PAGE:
I've had someone ask recently about 'buttery' wines and even though some readers may find the concept basic, this is, after all, Wine 101.
When I hear of a wine as being 'buttery', I think of it as having an aroma that smells like, well, butter, but it is sometimes also used to describe a creamy texture on the wine's palate. It's a term usually reserved for a richer white wine and almost exclusively when talking about one specific grape variety: Chardonnay. That being said, you can also find butter in many other wines like a modern white Rioja, white Bordeaux, even some Marsanne/Roussanne blends.
So where does it come from? One answer is oak. When white wines are aged in young oak barrels, sweet wood flavours are imparted into the wine. These often come across as vanilla and baking spice notes, but are sometimes associated with butter.
The other answer is diacetyl. Diacetyl is a component found in wine that is the byproduct of a process that happens after fermentation called malo-lactic conversion (also called malo-lactic fermentation, ML, or malo). Malo doesn't happen in all wine, it can be encouraged or prevented, depending on whether the winemaker sees it as complimenting the style of wine he or she has set out to make. During the process, malo-lactic bacteria converts malic acid (think about the tart, racy acid in a green apple) to lactic acid (the softer acid found in milk). The result of the malo-lactic conversion is softer acidity and a rounder texture in the wine. This often best compliments a richer, fuller-bodied white, particularly made from a grape like Chardonnay. As well as plain butter, people sometimes associate a wine that has gone through malo with notes of puffed wheat and popcorn (buttered, of course).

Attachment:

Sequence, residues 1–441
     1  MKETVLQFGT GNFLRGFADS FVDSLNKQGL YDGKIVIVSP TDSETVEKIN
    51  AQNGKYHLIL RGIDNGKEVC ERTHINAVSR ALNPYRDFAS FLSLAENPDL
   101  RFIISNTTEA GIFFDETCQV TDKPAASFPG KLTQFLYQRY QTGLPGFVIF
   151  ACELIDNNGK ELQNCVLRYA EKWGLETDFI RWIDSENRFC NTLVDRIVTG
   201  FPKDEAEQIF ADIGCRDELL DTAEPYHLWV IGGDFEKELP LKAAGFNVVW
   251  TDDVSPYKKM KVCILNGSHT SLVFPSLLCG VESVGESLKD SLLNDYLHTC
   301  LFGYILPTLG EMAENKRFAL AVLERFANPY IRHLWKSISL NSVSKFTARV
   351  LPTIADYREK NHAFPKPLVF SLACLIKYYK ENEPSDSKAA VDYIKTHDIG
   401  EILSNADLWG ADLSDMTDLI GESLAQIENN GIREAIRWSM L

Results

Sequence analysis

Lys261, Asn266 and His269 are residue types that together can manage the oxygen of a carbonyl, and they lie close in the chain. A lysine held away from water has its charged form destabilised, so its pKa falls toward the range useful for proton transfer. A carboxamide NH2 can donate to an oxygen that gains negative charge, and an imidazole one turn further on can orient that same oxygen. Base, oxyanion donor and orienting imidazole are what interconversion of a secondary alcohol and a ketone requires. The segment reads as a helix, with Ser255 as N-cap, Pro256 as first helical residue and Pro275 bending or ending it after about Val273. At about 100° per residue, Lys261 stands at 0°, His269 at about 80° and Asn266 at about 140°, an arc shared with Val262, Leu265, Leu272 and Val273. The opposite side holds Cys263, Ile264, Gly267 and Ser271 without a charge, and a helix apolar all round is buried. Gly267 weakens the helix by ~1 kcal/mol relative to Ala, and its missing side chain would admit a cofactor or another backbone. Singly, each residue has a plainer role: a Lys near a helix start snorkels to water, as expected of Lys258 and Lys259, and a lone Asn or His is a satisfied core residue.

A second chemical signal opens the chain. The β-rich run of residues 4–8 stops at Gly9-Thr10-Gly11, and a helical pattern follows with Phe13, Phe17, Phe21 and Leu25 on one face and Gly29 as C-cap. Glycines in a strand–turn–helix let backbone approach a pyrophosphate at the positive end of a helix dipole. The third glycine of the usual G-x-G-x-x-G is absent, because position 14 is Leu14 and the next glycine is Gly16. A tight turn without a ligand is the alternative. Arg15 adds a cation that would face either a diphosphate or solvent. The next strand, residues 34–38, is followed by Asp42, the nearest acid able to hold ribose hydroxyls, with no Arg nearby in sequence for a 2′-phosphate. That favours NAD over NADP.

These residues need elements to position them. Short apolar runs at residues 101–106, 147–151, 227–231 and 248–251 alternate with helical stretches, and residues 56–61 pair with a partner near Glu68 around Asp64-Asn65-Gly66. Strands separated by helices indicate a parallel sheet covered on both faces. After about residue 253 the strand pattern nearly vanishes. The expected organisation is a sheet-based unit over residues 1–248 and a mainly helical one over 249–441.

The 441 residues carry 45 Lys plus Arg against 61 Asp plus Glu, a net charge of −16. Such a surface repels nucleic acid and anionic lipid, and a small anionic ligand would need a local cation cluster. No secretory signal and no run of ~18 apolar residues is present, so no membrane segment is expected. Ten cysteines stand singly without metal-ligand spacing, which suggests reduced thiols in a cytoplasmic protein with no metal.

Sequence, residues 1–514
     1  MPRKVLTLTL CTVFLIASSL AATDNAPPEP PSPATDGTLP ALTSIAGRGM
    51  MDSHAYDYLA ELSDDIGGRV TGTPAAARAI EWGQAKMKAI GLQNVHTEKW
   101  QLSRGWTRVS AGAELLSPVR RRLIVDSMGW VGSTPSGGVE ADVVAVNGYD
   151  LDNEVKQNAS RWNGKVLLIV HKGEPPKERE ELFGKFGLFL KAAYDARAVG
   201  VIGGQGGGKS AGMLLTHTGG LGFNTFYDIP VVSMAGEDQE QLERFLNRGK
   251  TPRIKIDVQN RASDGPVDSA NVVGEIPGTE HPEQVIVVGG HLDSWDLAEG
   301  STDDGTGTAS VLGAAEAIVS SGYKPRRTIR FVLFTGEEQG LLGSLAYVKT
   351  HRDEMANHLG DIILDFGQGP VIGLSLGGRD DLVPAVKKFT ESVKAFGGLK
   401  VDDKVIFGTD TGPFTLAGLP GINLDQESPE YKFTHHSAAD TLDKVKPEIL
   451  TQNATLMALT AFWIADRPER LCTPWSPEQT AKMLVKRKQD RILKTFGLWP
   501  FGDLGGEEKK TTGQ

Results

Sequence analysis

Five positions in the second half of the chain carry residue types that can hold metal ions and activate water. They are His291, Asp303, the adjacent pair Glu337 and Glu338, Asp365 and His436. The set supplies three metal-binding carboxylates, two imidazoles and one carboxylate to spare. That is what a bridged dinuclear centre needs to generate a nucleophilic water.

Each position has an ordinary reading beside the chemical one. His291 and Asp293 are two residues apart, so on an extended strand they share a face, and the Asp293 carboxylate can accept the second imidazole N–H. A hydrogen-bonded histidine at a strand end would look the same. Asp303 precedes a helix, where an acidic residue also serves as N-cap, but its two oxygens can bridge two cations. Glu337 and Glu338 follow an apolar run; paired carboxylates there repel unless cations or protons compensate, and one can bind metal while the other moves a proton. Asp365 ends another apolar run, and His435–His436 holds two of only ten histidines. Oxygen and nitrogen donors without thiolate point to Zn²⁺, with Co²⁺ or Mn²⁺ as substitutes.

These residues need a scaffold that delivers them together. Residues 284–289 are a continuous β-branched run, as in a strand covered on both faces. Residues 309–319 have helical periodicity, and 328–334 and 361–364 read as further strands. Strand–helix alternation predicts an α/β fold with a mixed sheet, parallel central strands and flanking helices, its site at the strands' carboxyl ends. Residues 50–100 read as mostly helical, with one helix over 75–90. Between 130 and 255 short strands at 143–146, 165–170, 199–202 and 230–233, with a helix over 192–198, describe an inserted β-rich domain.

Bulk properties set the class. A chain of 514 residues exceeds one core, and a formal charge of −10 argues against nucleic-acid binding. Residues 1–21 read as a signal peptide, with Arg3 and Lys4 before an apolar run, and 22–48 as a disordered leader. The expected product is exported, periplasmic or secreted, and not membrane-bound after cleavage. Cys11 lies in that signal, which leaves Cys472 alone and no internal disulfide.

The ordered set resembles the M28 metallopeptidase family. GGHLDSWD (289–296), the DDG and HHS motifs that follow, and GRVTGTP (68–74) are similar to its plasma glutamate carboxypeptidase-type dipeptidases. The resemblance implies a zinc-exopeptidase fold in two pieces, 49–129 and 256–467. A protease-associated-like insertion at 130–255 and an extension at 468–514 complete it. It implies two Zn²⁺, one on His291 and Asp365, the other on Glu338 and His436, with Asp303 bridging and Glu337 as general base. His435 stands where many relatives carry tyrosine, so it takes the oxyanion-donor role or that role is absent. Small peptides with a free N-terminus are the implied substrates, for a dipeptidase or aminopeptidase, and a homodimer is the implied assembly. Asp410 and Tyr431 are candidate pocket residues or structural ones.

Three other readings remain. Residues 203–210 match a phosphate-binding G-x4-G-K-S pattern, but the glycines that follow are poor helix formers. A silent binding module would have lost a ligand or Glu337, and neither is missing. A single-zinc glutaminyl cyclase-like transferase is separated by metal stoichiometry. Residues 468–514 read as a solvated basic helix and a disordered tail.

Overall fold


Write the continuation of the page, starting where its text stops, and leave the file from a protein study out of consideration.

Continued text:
When these characters are overwhelming in a wine, they can come across as obnoxious or domineering, however, when integrated subtly, they can add complexities to a great wine. Below are two examples of fantastic Chardonnays available on My Wine Canada where the latter is true.
Jake Skakun is a writer and sommelier from Vancouver, currently living in Toronto. He can be found most days pulling corks and twisting caps at the Black Hoof. He Tweets and Instagrams @jakeskakun.